Abstract: Forty-two patients scheduled for elective coronary surgery were studied after induction of anaesthesia, before and after CPB respectively. Each patient was monitored with the pulse contour cardiac output (PiCCO) system, a central venous line and the recently introduced LiDCO monitoring system. Haemodynamic variables included measurement of CI derived by transpulmonary thermodilution (CITPTD) or CI derived by pulse power analysis (CIPP), before and after calibration (CIPPnon-cal., CIPPcal.). Percentage changes of CI (ΔCITPTD, ΔCIPPnon-cal./PPcal.) were calculated to analyse directional changes.Before CPB there was no significant correlation between CIPPnon-cal. and CITPTD (r2 = 0.04, P = 0.08) with a percentage error (PE) of 86%. Higher mean arterial pressure (MAP) values were significantly correlated with higher CIPPnon-cal. (r2 = 0.26, P < 0.0001). After CPB, CIPPcal. revealed a significant correlation compared with CITPTD (r2 = 0.77, P < 0.0001) with PE of 28%. Changes in CIPPcal. (ΔCIPPcal.) showed a correlation with changes in CITPTD (ΔCITPTD) only after CPB (r2 = 0.52, P = 0.005).Uncalibrated pulse power analysis was significantly influenced by MAP and was not able to reliably measure CI compared with TPTD. Calibration improved accuracy, but pulse power analysis was still not consistently interchangeable with TPTD. Only calibrated pulse power analysis was able to reliably track haemodynamic changes and trends.Measuring left ventricular stroke volume and cardiac index (CI) have gained increasing impact regarding perioperative monitoring of critically ill patients either in the operating theatre or on the intensive care unit. Goal-directed perioperative optimization of left ventricular stroke volume and CI have a positive impact on the morbidity and the length of stay on the intensive care unit [1-4]. Measurement of CI with the pulmonary artery catheter (PAC) is still widely used and often considered as a kind of "gold standard" in different clinical settings [5,
Effects of interventional lung assist on haemodynamics and gas exchange in cardiopulmonary resuscitation: a prospective experimental study on animals with acute respiratory distress syndrome
Günther Zick, Dirk Sch?dler, Gunnar Elke, Sven Pulletz, Berthold Bein, Jens Scholz, Inéz Frerichs, Norbert Weiler
Critical Care , 2009, DOI: 10.1186/cc7716
Abstract: The study was designed to be prospective and experimental. The experiments were performed on 12 anaesthetised and mechanically ventilated pigs (weighing 41 to 58 kg). One femoral artery and one femoral vein were cannulated and connected to an ILA. ARDS was induced by repeated bronchoalveolar lavage. An indwelling pacemaker was used to initiate ventricular fibrillation and chest compressions were immediately started and continued for 30 minutes. In six animals, the ILA was kept open and in the other six it was clamped.Systolic and mean arterial pressures did not differ significantly between the groups. With the ILA open mean ± standard deviation systolic blood pressures were 89 ± 26 mmHg at 5 minutes, 71 ± 28 mmHg at 10 minutes, 63 ± 33 mmHg at 20 minutes and 83 ± 23 mmHg at 30 minutes. The clamped ILA system resulted in systolic pressures of 77 ± 30 mmHg, 90 ± 23 mmHg, 72 ± 11 mmHg and 72 ± 22 mmHg, respectively. In the group with the ILA system open, arterial partial pressure of CO2 was significantly lower after 10, 20 and 30 minutes of CPR and arterial partial pressure of oxygen was higher 20 minutes after the onset of CPR (191 ± 140 mmHg versus 57 ± 14 mmHg). End-tidal partial pressure of CO2 decreased from 46 ± 23 Torr (ILA open) and 37 ± 9 Torr (ILA clamped) before intervention to 8 ± 5 Torr and 8 ± 10 Torr, respectively, in both groups after 30 minutes of CPR.Our results indicate that in an animal model of ARDS, blood pressures were not impaired by keeping the ILA system open during CPR compared with the immediate clamping of the ILA with the onset of CPR. The effect of ILA on gas exchange implied a beneficial effect.Interventional Lung Assist (ILA) describes a technique, which uses a pumpless arteriovenous extracorporeal membrane oxygenator to facilitate carbon dioxide (CO2) removal. Its ability to remove CO2 has been well demonstrated [1-6]. The aim of the extracorporeal CO2 elimination by the ILA system is to decrease the minute ventilation and the peak ins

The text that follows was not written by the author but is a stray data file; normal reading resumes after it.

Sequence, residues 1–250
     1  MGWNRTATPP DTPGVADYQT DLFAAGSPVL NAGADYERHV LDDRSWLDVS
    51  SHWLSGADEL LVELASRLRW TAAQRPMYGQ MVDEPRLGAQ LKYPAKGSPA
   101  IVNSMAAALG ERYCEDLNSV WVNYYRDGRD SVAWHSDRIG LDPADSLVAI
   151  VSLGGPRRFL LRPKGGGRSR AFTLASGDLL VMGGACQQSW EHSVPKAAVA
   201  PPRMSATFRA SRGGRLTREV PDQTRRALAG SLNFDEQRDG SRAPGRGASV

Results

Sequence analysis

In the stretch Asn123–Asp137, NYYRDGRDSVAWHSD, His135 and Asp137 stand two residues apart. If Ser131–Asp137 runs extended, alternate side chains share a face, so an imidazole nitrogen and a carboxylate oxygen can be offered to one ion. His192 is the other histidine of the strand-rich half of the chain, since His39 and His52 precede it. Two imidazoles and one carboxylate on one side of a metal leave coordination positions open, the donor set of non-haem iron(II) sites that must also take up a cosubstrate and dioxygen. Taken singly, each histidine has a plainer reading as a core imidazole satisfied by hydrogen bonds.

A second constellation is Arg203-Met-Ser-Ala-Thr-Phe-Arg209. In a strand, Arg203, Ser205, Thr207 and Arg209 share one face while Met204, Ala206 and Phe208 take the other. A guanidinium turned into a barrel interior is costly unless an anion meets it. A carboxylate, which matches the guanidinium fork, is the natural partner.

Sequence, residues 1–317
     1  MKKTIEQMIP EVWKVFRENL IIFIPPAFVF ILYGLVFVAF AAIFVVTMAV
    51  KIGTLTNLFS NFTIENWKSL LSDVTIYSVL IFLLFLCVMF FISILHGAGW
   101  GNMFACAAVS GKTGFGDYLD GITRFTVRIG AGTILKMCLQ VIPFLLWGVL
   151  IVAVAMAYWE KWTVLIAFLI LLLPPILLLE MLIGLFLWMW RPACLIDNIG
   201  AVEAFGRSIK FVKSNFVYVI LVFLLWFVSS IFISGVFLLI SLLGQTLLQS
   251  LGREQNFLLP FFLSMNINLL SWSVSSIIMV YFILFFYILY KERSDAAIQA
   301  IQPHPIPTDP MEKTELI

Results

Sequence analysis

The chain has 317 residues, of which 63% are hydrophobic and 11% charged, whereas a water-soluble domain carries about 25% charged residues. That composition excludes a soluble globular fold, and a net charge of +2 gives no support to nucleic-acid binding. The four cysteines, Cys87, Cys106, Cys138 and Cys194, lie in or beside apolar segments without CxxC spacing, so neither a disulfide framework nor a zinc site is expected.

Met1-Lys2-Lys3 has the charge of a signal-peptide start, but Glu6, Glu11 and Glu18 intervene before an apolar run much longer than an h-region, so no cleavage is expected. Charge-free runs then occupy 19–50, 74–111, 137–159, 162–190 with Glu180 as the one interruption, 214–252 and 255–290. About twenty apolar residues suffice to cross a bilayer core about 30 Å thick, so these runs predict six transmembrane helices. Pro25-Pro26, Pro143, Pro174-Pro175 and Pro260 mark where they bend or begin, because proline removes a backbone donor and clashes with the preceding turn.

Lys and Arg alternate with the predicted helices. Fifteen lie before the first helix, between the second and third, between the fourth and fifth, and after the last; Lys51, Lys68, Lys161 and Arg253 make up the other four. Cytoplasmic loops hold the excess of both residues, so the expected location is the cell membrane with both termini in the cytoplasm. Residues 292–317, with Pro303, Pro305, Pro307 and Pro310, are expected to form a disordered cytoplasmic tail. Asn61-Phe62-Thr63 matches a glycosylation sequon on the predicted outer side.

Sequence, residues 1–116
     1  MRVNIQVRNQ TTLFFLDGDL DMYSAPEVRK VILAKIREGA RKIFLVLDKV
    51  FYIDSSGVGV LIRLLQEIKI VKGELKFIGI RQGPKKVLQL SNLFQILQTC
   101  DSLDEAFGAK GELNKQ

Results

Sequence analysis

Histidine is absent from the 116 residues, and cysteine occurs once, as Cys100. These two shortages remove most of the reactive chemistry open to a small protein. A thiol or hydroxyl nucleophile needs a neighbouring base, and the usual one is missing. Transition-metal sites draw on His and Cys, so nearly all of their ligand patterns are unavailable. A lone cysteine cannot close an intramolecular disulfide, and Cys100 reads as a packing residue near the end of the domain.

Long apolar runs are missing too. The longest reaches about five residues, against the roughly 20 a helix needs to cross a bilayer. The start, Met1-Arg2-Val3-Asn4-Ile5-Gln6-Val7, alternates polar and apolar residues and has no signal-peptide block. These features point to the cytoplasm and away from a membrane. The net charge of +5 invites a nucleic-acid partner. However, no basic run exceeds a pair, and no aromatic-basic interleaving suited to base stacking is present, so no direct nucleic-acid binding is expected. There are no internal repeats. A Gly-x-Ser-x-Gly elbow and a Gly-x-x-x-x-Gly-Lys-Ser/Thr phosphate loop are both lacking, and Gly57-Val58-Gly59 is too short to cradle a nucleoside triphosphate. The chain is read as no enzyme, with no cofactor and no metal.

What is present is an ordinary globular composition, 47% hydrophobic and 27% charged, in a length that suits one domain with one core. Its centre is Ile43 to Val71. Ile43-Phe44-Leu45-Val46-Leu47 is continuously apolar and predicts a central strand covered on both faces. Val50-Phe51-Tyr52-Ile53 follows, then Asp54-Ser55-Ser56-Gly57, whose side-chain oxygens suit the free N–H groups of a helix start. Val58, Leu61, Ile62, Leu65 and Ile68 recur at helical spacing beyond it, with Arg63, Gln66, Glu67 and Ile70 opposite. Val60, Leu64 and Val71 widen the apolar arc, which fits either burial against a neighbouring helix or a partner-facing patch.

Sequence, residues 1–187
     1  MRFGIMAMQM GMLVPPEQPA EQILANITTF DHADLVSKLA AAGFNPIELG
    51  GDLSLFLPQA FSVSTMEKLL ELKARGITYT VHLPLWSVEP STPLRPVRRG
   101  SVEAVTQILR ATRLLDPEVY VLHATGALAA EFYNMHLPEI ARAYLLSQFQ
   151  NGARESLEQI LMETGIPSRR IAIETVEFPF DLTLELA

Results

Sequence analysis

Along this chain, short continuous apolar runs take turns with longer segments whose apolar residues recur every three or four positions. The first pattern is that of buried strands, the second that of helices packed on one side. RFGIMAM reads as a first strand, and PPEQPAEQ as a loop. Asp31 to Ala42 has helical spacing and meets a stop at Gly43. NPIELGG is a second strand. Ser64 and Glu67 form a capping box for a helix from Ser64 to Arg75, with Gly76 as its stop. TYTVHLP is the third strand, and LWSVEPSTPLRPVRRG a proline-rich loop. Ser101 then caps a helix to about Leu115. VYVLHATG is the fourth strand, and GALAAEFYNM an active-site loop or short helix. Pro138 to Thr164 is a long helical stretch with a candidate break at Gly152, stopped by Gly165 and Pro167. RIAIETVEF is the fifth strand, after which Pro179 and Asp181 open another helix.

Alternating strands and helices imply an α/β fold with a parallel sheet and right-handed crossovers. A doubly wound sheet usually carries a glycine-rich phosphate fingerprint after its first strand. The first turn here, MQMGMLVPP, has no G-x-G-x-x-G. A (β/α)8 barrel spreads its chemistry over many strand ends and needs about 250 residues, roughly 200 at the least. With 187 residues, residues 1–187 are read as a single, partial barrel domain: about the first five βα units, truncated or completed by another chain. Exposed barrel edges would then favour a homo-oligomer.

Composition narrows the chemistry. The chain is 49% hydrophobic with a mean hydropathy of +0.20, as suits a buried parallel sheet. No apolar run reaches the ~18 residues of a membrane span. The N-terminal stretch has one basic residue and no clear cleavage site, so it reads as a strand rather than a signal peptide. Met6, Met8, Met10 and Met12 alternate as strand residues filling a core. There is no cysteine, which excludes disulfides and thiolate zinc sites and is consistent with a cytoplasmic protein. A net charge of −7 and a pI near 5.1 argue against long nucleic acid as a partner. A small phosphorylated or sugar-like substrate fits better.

Postoperative cognitive deficit after cardiopulmonary bypass with preserved cerebral oxygenation: a prospective observational pilot study
Axel Fudickar, S?nke Peters, Claudia Stapelfeldt, G?tz Serocki, J?rn Leiendecker, Patrick Meybohm, Markus Steinfath, Berthold Bein
BMC Anesthesiology , 2011, DOI: 10.1186/1471-2253-11-7
Abstract: cSO2 was measured by near infrared spectroscopy in 35 patients during cardiopulmonary bypass. cSO2 was kept above 80% of baseline and above 55% during anesthesia including cardiopulmonary bypass. POCD was tested by trail making test, digit symbol substitution test, Ray's auditorial verbal learning test, digit span test and verbal fluency test the day before and 5 days after surgery. POCD was defined as a decline in test performance that exceeded - 20% from baseline in two tests or more. Correlation of POCD with lowest cSO2 and cSO2 - threshold were determined explorative.POCD was observed in 43% of patients. Lowest cSO2 during cardiopulmonary bypass was significantly correlated with POCD (p = 0.015, r2 = 0.44, without Bonferroni correction). A threshold of 65% for cSO2 was able to predict POCD with a sensitivity of 86.7% and a specificity of 65.0% (p = 0.03, without Bonferroni correction).Despite a relevant decrease of cerebral oxygen saturation was avoided in our pilot study during cardiopulmonary bypass, incidence of POCD was comparable to that reported in patients without monitoring. A higher threshold for cSO2 may be needed to reduce the incidence of POCD.Neurologic deficits after cardiac surgery are common complications with clinical manifestations ranging from stroke to subtle neurocognitive deficits [1].Postoperative cognitive deficit (POCD) is a frequent complication of cardiac surgery with and without cardiopulmonary bypass (CPB) [2]. In a study by Newman and colleagues a significant cognitive decline, defined as a 20% reduction from baseline, occurred in 53% of patients at discharge, 36% at 6 weeks, 24% at 6 months, and 42% at 5 years [3]. Other authors report an incidence ranging from 8% to 40% [4].Cognitive impairment is associated with lower general health after cardiac surgery with important implications for the care of patients undergoing cardiac surgery [5]. A retrospective examination of the influence of multimodal neuromonitoring on the incidence o